Prior to 1849 the B&E was under no outside threat from anyone as it had agreed a lease with the GWR before even its first stretch was opened to traffic.  The B&E followed it own way after the lease ended but then came back to rejoin the GWR in 1876 - on rather different terms from the original lease.  I doubt the GWR had any concern about the Midland getting anywhere into the south because it spent years battling with the LS&WR,  and the Midland had no access southwards until the S&DJt reached Bath - with a route which basically offered little competition to established GWR/B&ER lines because the GWR had no access to the south coast east of Weymouth.  The GWR's main concern in respect of the Midland - once matters had finally been settled between Bristol and Gloucester - was in respect of South Wales where, for once, it and the LNWR were in agreement in trying to keep the Midland out

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Yes, you're right, Low Gill; thanks.

1 hour ago, Compound2632 said:

 

Low Gill. The original aim of the "Little" North Western was to build a line from the Leeds & Bradford Extension Railway to Tebay, to provide a route from the West Riding to Scotland, but the financial crisis of 1866 put a spanner in the works; in the event the NWR only built the line to Ingleton, with the Lancaster & Carlisle building the Lune Valley branch south from Low Gill to Ingleton, making an end on junction. The approach to Low Gill was designed with a sharpish curve over the eponymous viaduct, to preclude fast through running, and the L&C went to some lengths to make life awkward for passengers booking through by that route. Following the working agreements of 1908 between the LNWR and Midland, one Midland Scotch Express per day was routed via the Lune Valley and over Shap, to serve Penrith.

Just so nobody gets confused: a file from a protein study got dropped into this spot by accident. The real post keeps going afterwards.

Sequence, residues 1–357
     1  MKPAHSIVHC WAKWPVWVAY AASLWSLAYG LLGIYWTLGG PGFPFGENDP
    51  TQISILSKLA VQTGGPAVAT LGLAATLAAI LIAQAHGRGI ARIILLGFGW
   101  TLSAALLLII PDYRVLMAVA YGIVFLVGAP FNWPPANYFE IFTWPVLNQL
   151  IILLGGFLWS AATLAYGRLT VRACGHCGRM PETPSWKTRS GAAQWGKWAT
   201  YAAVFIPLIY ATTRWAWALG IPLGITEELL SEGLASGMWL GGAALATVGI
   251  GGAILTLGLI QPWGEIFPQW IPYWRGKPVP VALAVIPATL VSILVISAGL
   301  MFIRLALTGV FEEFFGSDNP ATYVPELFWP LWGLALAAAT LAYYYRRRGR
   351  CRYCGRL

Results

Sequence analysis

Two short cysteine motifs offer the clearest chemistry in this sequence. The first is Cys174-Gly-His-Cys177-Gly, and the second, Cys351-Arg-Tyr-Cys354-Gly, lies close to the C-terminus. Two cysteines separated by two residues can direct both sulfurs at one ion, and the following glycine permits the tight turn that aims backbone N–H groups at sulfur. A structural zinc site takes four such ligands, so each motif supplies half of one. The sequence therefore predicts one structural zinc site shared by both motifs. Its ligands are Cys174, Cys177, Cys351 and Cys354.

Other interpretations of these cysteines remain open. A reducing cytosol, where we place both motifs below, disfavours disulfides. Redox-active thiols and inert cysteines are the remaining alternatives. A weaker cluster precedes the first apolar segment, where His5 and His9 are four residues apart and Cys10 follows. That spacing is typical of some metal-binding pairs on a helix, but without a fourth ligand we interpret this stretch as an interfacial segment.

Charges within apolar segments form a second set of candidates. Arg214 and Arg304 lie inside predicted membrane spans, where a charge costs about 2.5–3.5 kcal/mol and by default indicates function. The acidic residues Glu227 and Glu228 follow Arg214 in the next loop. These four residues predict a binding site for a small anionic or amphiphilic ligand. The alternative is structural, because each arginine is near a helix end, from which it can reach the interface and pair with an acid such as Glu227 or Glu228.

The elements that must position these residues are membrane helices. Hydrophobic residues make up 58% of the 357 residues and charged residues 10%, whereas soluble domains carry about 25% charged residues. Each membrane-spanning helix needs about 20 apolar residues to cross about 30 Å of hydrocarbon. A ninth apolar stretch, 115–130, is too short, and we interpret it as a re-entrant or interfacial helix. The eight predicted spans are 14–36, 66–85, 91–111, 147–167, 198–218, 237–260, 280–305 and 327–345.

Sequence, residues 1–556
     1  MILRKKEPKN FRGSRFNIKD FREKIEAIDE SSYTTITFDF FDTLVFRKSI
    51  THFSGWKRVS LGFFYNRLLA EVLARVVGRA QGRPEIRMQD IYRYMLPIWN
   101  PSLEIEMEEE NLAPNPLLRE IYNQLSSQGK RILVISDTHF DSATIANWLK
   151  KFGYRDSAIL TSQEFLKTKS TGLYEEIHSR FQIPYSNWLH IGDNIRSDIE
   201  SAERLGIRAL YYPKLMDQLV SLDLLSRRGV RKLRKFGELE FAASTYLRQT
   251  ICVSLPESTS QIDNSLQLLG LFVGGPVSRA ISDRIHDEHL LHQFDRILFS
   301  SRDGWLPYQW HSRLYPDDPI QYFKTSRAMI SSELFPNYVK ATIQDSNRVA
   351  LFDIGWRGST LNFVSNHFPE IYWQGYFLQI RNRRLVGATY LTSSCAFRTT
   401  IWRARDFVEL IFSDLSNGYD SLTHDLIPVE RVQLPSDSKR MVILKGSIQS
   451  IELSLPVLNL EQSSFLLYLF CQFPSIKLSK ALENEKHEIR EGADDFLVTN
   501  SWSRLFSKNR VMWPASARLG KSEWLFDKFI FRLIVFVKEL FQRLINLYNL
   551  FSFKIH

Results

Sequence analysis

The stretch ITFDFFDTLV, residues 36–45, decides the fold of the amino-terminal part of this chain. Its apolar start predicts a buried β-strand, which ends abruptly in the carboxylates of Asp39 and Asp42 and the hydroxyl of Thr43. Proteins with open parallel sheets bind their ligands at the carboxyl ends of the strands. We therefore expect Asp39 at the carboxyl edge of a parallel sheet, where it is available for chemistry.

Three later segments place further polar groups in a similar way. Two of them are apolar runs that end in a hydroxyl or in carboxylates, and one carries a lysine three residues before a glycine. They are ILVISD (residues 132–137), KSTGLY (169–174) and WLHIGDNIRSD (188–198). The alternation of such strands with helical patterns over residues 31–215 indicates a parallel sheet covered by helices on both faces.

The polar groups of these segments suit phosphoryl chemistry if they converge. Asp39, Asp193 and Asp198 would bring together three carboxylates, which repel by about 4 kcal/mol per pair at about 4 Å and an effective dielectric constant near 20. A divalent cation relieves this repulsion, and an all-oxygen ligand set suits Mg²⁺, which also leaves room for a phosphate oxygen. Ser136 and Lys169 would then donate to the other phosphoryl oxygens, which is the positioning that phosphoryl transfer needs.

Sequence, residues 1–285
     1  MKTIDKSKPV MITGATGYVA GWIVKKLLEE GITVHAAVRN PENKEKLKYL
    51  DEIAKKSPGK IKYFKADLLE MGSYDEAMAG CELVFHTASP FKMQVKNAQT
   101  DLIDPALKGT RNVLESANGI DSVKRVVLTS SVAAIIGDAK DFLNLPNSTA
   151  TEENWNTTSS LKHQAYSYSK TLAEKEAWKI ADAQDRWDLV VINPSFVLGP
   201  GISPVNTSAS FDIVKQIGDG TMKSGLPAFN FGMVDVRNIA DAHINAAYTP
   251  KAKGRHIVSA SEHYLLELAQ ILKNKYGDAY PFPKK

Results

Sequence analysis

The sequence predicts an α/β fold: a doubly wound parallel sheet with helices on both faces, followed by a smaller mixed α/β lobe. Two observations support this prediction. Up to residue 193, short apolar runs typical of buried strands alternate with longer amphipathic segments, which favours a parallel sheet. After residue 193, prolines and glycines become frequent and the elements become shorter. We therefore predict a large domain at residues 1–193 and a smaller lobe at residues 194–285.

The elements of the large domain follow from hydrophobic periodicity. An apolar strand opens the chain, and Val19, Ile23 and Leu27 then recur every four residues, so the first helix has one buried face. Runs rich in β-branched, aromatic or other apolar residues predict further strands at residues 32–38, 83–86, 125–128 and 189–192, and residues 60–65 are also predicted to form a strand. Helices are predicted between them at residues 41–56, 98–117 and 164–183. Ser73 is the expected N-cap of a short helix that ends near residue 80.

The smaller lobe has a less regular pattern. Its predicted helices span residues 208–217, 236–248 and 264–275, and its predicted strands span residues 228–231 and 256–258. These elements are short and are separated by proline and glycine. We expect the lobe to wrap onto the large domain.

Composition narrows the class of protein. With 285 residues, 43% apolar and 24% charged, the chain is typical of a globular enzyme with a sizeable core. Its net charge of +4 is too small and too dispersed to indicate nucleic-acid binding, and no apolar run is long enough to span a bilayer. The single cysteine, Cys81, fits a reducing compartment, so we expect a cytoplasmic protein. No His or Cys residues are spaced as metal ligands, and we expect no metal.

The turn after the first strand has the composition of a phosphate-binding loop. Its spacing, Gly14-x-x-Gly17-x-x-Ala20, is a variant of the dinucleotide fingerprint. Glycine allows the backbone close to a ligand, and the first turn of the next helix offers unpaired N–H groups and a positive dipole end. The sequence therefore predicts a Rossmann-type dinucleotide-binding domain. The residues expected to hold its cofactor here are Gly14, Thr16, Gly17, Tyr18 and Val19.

Alas, owing to Covid19, this year I will not be spending a fortnight within view of the Low Gill Viaduct, for the first time in many years.

I had intended to take a week based at Ingleton last month, again confounded by the lockdown. perhaps again next year, assuming a vaccine to be available by then.

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3 hours ago, PatB said:

The Midland built a route through difficult terrain the middle of nowhere in the latter part of the century, to compete with two already well established routes to the North, both of which had more traffic potential for intermediate destinations. Yes, it was for the potentially lucrative Scottish traffic, but did the S&C ever really make any more sense than a route to the south west?

 

And whilst Exeter may not have been terribly promising, what about Plymouth, only a little further to expand? If nothing else, it would have been fairly obvious that steamships were the future, with the possibility of significant coal traffic to help pay the bills.